Manitoba bill would ‘eliminate’ OD-prevention RV: Sunshine House


Advertise with us

The head of the organization that runs Manitoba’s only overdose prevention site said he feels “sideswiped” by proposed legislation to regulate addictions services.

Read this article for free:


Already have an account? Log in here »

To continue reading, please subscribe:

Monthly Digital Subscription

$4.75 per week*

  • Enjoy unlimited reading on
  • Read the E-Edition, our digital replica newspaper
  • Access News Break, our award-winning app
  • Play interactive puzzles

*Billed as $19.00 plus GST every four weeks. Cancel anytime.

The head of the organization that runs Manitoba’s only overdose prevention site said he feels “sideswiped” by proposed legislation to regulate addictions services.

If passed, the bill would halt the operation of OD-prevention sites such as the mobile one run by Sunshine House, said executive director Levi Foy.

“We’re sideswiped, for sure, on it,” Foy said. “It’s dumbfounding in a lot of ways — that they would introduce a bill that would have such an impact on the services that we’re providing without actually having a single conversation with us about our needs.”

Bill 33 (the Addiction Services Act) was introduced Tuesday in the Manitoba legislature by Janice Morley-Lecomte, the minister for mental health and community wellness.

The legislation would require groups that provide addiction services to apply for a provincial licence and meet certain standards of care and minimum levels of medical supervision. Violators could face fines of up to $10,000 for individuals and $50,000 for corporations — per day.

Foy said Sunshine House is not opposed to additional certification and he would apply for a licence, if necessary. However, he doesn’t think the requirement is needed, and believes it would prevent Sunshine House’s low-barrier mobile overdose prevention site — an RV that travels around the city — from operating.

“This bill looks entirely like its meant to eliminate overdose prevention sites,” he said.

The province insisted it consulted “extensively” with “provincially funded organizations” on regulation standards.

“The new legislation is intended to reduce risks to the community and ensure any sites established are appropriately situated within a continuum of addictions care services, along with efforts to promote recovery,” said a spokesperson for the department of mental health. “Our focus remains on prevention, early intervention, treatment and long-term recovery for Manitobans when they ask for help.”

But that’s not the point of an overdose prevention site, Foy said.

The Sunshine House RV offers people a place to use their drugs, knowing that they will be revived and cared for if they overdose. Some people get connected with treatment and additional supports, but the goal is helping people where they’re at, not steering them into recovery, he said.

Sunshine House statistics show there were more than 4,500 visits to the site between November 2022, when it launched, and the end of February, 2023. Thousands of clean needles were handed out. People used drugs at the site close to 900 times. There were approximately nine overdoses, Foy said.

Each time, the person was revived. All required at least four administrations of naloxone. The most recent required nine. While paramedics were called in each case, no one needed to go to the hospital, Foy said.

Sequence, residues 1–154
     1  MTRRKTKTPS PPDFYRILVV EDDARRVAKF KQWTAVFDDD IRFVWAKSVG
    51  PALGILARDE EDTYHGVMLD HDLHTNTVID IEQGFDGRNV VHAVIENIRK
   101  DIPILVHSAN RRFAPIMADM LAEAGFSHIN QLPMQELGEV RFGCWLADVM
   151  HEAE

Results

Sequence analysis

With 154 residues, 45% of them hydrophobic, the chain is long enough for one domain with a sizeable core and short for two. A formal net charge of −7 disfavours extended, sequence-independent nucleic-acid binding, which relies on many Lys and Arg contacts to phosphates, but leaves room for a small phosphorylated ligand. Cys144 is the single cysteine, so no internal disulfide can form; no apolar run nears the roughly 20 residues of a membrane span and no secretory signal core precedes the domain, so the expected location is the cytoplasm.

He said the demand witnessed by Sunshine House, and the severity of Winnipeg’s toxic drug supply, underscore the dire need for the RV service and others like it.

A total of 377 people died of drug overdoses in Manitoba between January and November 2022. That’s nearly double the number of people who died in 2019 — 199.

Meanwhile, Foy said the RV service’s low-barrier nature is what makes it effective. The bill would take that away, he said.

The province said it wants groups to “register clients with health cards, track outcomes, maintain regulated health-care professionals on site or refer clients to treatment services.”

“Our focus is not tracking outcomes. Our focus is saving lives,” Foy said.

Many of the RV’s clients don’t have health cards, nor do all of them use their real names. Some don’t until they’ve established trusting relationships with staff, he said.

Others wouldn’t want to be tracked by the traditional health-care system, where they may have experienced racism or felt stigmatized in the past, he said.

And staff? They’re peers, people with lived experience using drugs, who make people using the service feel understood and safe, he said. They can do first-aid but if someone needs, say, complicated wound care, they’re referred elsewhere.

The RV operates under a temporary Health Canada exemption that is granted in cases where there’s an emergency need to respond to a toxic drug crisis. Sunshine House receives funding from Health Canada.

The province has raised concerns about the federal exemption and says it wants a say over the process.

Foy said the existing process works well because it allows Sunshine House to determine which areas of the city would benefit from more support, or even a bricks-and-mortar supervised consumption site. Without data gathered from test runs, it could be hard to know where and how to get an effective supervised consumption site off the ground, if the province even approved it, he said.

The province said the new legislation would apply to publicly and privately funded services, including an estimated 26 existing bed-based treatment service providers, 11 withdrawal-management service providers and one “supervised consumption service provider.”

Katrina Clarke

Katrina Clarke

Katrina Clarke is an investigative reporter with the Winnipeg Free Press.

Report Error Submit a Tip


Advertise With Us